Future Made Australia – economic intervention for good or not?

Last month the Albanese government announced a sharp move from the long adopted, and World Trade Organisation stance, of free markets with little economic intervention, by announcing the Future Made Australia Act. It is going to make the government a “more strategic, more sophisticated and a more constructive contributor” to the economy. It will pull in existing initiatives including the Hydrogen HeadStart, Reconstruction fund and Solar SunShot programs as well as build out more investment within communities.

There is no doubt this is based on the US Inflation Reduction Act which became law in 2022. This left countries like Australia at a significant disadvantage to investment and we have lost out on major investment and economic green growth due to the international pressures, with an anticipated half a trillion dollars of investment flowing into the US following the Act. Noting of course their FED announcement last week showing it may not be working as well as anticipated for the economy as a whole.

However, the concern is twofold. Can our manufacturing gear up quickly enough while being cost effective to support this growth and will such an inward economic policy anger our trade partners. I am specifically thinking of China who relations are already strained and exports from Australia are already banned. With so much of the renewable economy, especially investments as well as solar panels, coming from Eastern Asia, do we risk stealing from Peter to pay Paul in one sector while hurting another?

Yet could it be a forward move from Australia? With the Carbon Boarder Adjustment Mechanism (CBAM) under review as of last September and the European Union implementation in place, could the increase in onshore manufacturing assist with those industries who are undercutting Australian entities, which must operate in a market which is subject to higher standards? With the Safeguard mechanism now in place and the increasing cost this will bring to those sectors affected, specifically mining, steel and cement, could a CBAM coupled with domestic supply help in the short term.

I am sure that this is the aim and ambition if you ask those in Canberra, however significant opposition has been raised across the board regarding the cost of subsidising such a move. Yet if we look to the US and Europe their grids have been underpinned by similar investments and capacity payments, is this more the only way to bring industry along, rather than expect the market to do it for us? With targets far exceeding the likely climate outcomes within Australia and the sheer size of investment required to get anywhere close to targets, is this the last roll of the dice for the Labor government to meet these targets which they have pledged to achieve.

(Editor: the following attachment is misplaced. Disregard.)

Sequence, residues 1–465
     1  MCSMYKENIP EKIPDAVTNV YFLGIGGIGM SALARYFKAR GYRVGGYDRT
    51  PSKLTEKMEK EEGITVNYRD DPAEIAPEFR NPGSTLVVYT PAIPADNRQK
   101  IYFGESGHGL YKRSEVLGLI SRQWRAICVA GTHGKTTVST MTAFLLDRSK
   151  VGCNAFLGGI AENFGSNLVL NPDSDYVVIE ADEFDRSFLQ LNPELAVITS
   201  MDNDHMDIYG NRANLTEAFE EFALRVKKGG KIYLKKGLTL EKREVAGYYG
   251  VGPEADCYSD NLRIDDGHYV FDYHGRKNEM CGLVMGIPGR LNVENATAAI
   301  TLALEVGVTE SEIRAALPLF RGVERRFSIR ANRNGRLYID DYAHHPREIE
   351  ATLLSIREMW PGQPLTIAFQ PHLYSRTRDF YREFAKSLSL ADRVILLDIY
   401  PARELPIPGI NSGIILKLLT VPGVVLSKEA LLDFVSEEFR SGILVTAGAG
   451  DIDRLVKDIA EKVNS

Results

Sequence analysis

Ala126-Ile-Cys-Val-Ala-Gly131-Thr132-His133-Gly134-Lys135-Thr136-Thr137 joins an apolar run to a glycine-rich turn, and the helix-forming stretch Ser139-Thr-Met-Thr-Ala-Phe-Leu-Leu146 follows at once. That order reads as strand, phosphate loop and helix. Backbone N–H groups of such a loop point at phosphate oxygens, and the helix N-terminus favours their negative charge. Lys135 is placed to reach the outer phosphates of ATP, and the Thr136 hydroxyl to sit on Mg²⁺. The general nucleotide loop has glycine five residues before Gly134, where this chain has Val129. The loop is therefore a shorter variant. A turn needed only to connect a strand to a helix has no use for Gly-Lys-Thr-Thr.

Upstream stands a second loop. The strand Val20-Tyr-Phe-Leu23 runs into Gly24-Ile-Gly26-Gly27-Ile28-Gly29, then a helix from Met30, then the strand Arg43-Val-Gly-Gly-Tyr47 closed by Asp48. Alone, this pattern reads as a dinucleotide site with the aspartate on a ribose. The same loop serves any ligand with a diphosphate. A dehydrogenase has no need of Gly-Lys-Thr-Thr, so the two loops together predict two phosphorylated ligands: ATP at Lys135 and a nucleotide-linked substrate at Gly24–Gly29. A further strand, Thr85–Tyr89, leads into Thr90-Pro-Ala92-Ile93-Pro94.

Tightening in the ACCU Market

Person using a laptop with carbon credit and sustainability icons floating above their hands, including CO2, recycling, solar energy, and net zero symbols.

The Department of Climate Change, Energy, the Environment and Water (DCCEEW) intends to stop the development of the Integrated Farm and Land Management (IFLM) method.

The reasoning is due to difficulties demonstrating the environmental benefits of regeneration activities in areas not previously cleared. Instead, the DCCEEW has proposed a new system to be developed, the Landscape Restoration Method (LRM), which considerably tightens grazing activities compared to the previous Human Induced Regeneration (HIR) method.

As a result, the market responded to the news with increased activity for HIR ACCUs and price firming for both generic and HIR ACCUs. The generic ACCU market has firmed since late last year, increasing from the $31-$32 range to $36.

Depending on the scope of allowed grazing activities under the future IFLM or IRM, the market could significantly move. The IFLM method was initially expected to fill the supply gap created after the retirement of two major methods by the end of 2024.

The ACCU market is currently priced to increase into the future, with a cost of carry of ~7%. This is ultimately driven by demand from safeguard participants and some voluntary demand associated with sustainability targets.

The current baselines decrease by 4.9% each financial year out to 2030, with an emission reduction contribution of 65.7% in 2030. The demand for ACCUs to offset organisations’ emissions is anticipated to surpass ACCU issuance for the first time in 2028. The high demand and low issuance are currently forecasted to continue until 2031, where demand for ACCUs is forecasted to peak at 31 million certificates. This is significantly up from 2022, where demand from scheme participants was less than 1 million. However, facilities that are covered by the Safeguard Mechanism are able to generate SMCs, which are a new type of credit issued as a reward for emitting below one’s limits, which could ease overall demand on ACCUs.

The Australian Government has made ACCUs available to liable entities at $75/cert, increasing with CPI plus 2%, ultimately setting a price cap for them. In future years, when supply and demand become tighter, could we witness an ACCU market consistently trading at or near the cap, similar to the current STC market?

The Importance of Eraring and Ongoing Negotiations